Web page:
Title

The Effect of a Music Therapy Intergenerational Program on Children and Older Adults' Intergenerational Interactions, Cross-age Attitudes, and Older Adults' Psychosocial Well-being

Authors

Melita Belgrave

Journal

Journal of Music Therapy

Year

2011

Volume

48

First Page

486

Last Page

508

Abstract

The purpose of this study was to examine the effect of participation in a music-based intergenerational music program on cross-age interactions and cross-age attitudes of elementary-age children and older adults, and older adults' psychosocial well-being. Twenty-one children in the 4th grade volunteered to participate in the experimental (n = 12) or control (n = 9) group. Twenty-six older adults from a retirement living facility also volunteered to participate in the experimental (n = 14) or control (n = 12) group. Ten 30-min music sessions occurred in which participants engaged in singing, structured conversation, moving to music, and instrument playing interventions. Data analysis of cross-age interactions revealed that the interventions 'structured conversation' and 'moving to music' were more effective in eliciting interaction behaviors than the interventions 'singing' and 'instrument playing.' Standardized measures revealed that children's attitudes towards older adults improved, though not significantly so, after participation in the intergenerational program. Results of biweekly post-session questionnaires revealed a decrease in negative descriptions of older adults and an increase in positive descriptions of older adults—suggesting a more positive view towards aging. Results revealed that older adults' attitudes towards children improved significantly after their participation in the intergenerational program. While standardized measures revealed that older adults did not perceive a significant improvement in their psychosocial well-being, their bi-weekly post-session questionnaires showed they perceived increased feelings of usefulness and other personal benefits from the intergenerational interactions. Suggestions for future research, the utility of varied measurement instruments, and implications for practice are discussed. (PsycINFO Database Record (c) 2016 APA, all rights reserved)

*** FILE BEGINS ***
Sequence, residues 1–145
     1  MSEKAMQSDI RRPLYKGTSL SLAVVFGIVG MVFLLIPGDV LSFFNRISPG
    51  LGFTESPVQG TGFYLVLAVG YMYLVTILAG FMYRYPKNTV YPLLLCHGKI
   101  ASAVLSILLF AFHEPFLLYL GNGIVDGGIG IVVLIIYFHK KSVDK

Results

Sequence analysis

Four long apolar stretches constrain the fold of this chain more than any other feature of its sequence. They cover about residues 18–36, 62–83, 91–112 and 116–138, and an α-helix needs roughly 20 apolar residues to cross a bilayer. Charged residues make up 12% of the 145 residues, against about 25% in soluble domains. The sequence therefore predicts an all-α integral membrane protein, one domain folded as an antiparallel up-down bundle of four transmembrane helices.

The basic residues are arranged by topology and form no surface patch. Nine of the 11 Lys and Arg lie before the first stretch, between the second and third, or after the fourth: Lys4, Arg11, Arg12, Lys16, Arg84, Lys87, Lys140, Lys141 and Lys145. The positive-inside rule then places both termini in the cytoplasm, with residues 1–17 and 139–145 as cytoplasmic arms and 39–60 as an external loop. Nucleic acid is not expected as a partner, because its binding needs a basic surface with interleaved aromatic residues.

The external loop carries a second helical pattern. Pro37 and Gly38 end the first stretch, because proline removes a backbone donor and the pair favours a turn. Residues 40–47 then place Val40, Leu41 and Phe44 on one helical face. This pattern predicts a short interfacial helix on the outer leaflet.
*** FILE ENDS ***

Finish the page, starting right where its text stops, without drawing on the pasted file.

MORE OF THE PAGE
Music and Health Institute Terms

Body Improvisation; Children; Coping; Elderly; Improvisation; Mental Health; Music Medicine; Playing an Instrument; Psychological Outcomes; Questionnaires; Recreative Music Methods; Singing a Song; Wellness and Well-Being

Indexed Terms

intergenerational programs; psychosocial well being; age differences; Elderly; Anxiety; Attitude to Health; Children; Depression; Intergenerational Relations; Personal Satisfaction; Program Development; Quality of Life; Relaxation; Social Environment; Social Support; Socialization; Well Being

Study Type

Quantitative Methods; Quasi-Experimental Study

Disciplines

Music Therapy

PubMed ID

22506301

Document Type

Article

Share

COinS